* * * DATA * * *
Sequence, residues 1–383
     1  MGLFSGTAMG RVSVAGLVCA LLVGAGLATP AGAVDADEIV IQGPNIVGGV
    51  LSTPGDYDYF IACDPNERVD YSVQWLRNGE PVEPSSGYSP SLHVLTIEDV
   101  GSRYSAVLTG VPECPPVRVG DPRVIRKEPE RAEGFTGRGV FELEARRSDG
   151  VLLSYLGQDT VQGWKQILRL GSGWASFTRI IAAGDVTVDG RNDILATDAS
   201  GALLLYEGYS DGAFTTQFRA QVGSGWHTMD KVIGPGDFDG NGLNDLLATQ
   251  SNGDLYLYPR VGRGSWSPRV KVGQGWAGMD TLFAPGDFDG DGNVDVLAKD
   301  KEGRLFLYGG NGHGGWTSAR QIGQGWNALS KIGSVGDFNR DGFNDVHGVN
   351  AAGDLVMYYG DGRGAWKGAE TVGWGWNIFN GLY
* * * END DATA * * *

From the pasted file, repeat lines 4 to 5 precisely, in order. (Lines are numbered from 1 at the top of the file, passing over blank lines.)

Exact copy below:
   101  GSRYSAVLTG VPECPPVRVG DPRVIRKEPE RAEGFTGRGV FELEARRSDG
   151  VLLSYLGQDT VQGWKQILRL GSGWASFTRI IAAGDVTVDG RNDILATDAS